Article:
The act of copying or adapting someone else’s work is a restricted act. Any adaptation will be legally regarded as a derived work; so if you simply adapt the work of others, it will still be their work, and they have every right to object you if publish such a work when they have not given you permission to do so. They are also entitled to reclaim any money you make from selling their work.
7. I can legally copy 10% without it being infringement
This is not the case. Unless it is explicitly allowed under fair use or fair dealing rules, any unauthorised use of copyright work can potentially lead to legal action.
8. It’s OK to use copy or publish other peoples work if I don’t make any money out of it
No, except in specific circumstances permitted under fair dealing/fair use rules, any copying or publication without the consent of the copyright owner is an infringement, and you could face legal action.
If the use has a financial impact on the copyright owner, (i.e. lost sales), then you could also face a claim for damages to reclaim lost revenue and royalties.
9. It’s hard to prove copyright infringement
This is not the case, copyright law is principally civil not criminal law. Civil law requires a lower burden of proof, actually making it easier to prove infringement.
In a criminal case, the defendant is innocent until proven guilty beyond any reasonable doubt. However, in a civil case, the plaintiff must simply convince the court or tribunal that their claim is valid, and that on balance of probability it is likely that the defendant is guilty.
10. Confusion over copyright in music
A sound recording will have a separate copyright to the underlying musical composition. This means that a new recording of an old piece of music will still be protected under copyright, even if copyright has expired in the original music.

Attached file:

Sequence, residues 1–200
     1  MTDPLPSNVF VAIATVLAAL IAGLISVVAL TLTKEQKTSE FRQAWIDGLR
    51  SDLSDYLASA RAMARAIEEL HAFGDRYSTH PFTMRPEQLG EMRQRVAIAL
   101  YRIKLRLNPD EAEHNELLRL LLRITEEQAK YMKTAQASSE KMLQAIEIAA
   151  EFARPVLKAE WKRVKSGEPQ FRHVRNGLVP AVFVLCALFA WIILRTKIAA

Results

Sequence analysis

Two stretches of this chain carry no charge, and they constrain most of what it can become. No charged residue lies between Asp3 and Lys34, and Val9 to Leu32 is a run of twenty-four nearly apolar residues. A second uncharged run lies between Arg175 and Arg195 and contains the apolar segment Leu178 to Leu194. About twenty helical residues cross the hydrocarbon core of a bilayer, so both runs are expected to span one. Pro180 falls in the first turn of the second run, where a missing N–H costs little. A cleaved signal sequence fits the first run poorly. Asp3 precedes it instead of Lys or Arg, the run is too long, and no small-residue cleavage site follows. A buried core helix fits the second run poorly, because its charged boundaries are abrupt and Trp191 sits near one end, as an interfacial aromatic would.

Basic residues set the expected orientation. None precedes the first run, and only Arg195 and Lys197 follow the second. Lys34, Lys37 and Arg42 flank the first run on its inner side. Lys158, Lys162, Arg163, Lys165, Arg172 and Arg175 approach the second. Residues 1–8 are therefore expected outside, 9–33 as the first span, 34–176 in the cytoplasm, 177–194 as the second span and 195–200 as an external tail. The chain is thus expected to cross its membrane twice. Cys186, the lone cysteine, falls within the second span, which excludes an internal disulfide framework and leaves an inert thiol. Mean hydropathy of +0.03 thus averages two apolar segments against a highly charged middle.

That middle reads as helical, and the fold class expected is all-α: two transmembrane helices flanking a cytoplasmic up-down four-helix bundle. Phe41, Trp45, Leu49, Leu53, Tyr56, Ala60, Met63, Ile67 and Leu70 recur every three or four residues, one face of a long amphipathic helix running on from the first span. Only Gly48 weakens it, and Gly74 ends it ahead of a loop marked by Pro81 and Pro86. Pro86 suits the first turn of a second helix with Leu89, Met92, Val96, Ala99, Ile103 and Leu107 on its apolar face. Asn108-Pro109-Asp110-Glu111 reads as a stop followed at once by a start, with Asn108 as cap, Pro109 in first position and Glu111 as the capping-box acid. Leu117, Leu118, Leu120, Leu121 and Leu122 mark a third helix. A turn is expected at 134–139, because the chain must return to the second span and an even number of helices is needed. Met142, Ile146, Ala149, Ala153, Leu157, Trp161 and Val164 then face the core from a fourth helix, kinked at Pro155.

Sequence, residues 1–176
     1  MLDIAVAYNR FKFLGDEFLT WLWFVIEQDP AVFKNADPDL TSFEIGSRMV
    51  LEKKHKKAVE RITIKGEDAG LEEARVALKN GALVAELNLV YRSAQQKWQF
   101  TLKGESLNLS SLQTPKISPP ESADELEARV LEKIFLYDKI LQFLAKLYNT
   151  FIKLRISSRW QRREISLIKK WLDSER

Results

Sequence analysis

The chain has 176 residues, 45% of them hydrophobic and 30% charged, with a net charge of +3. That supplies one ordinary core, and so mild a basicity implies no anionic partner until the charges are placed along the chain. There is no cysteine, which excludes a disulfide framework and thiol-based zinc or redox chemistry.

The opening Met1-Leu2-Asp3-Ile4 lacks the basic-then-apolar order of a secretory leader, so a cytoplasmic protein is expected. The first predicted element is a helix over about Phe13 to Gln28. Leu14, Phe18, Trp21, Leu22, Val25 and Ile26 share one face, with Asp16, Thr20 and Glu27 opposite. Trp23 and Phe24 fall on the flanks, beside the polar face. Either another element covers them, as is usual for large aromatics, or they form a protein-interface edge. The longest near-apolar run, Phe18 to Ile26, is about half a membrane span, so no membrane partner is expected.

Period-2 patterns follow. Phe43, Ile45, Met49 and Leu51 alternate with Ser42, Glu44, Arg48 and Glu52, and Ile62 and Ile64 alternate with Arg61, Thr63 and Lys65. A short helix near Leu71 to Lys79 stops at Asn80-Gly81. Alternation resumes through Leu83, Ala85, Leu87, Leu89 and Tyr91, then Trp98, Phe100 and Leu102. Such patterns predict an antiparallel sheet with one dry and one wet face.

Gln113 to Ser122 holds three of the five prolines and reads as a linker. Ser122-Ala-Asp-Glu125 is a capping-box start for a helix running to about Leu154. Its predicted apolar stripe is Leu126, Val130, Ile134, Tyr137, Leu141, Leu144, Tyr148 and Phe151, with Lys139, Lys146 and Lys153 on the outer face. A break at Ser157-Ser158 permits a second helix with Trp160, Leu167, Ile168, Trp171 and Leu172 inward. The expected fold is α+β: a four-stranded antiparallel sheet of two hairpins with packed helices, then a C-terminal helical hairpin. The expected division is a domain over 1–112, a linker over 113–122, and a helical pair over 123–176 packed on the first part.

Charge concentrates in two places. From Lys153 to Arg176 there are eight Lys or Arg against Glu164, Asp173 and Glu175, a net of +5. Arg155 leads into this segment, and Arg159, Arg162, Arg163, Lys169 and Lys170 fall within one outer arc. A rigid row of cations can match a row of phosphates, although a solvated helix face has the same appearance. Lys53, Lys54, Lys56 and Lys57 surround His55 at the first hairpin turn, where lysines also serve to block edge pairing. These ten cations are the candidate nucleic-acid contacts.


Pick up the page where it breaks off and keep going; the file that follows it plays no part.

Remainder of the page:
So what now?
So there you have it. Copyright law broken down for you. But if you need images, you do have a number of options.
Royalty free stock sites
These are images that are free to use wherever or however you like. And there are some pretty good sites out there for this. The images for this post came from Unsplash.
Paid Stock Sites
Another option is to go slightly more exclusive with a paid stock site like Adobe Stock.
Stock sites could be a good option. But these images are not YOURS. They don’t carry your branding and other sites could have the same images. An article by Forbes that I read(I cannot remember the link now unfortunately), said that people no longer engage in the stock images of people in a boardroom. You know the ones.
This leads us to the final, and in my opinion, best option.
Hire a professional photographer
This is always the best (albeit more expensive) option. By hiring a professional photographer, you are guaranteed images that are personal to you, highlight your business and will drive way more engagement on Social Media than any other types of images
So that’s my wrap up on Copyright law. Was it helpful? Do you have any copyright stories you’d like to share? Comment in the space below.
Top 10 Copyright Myths page from the UK Copyright Service.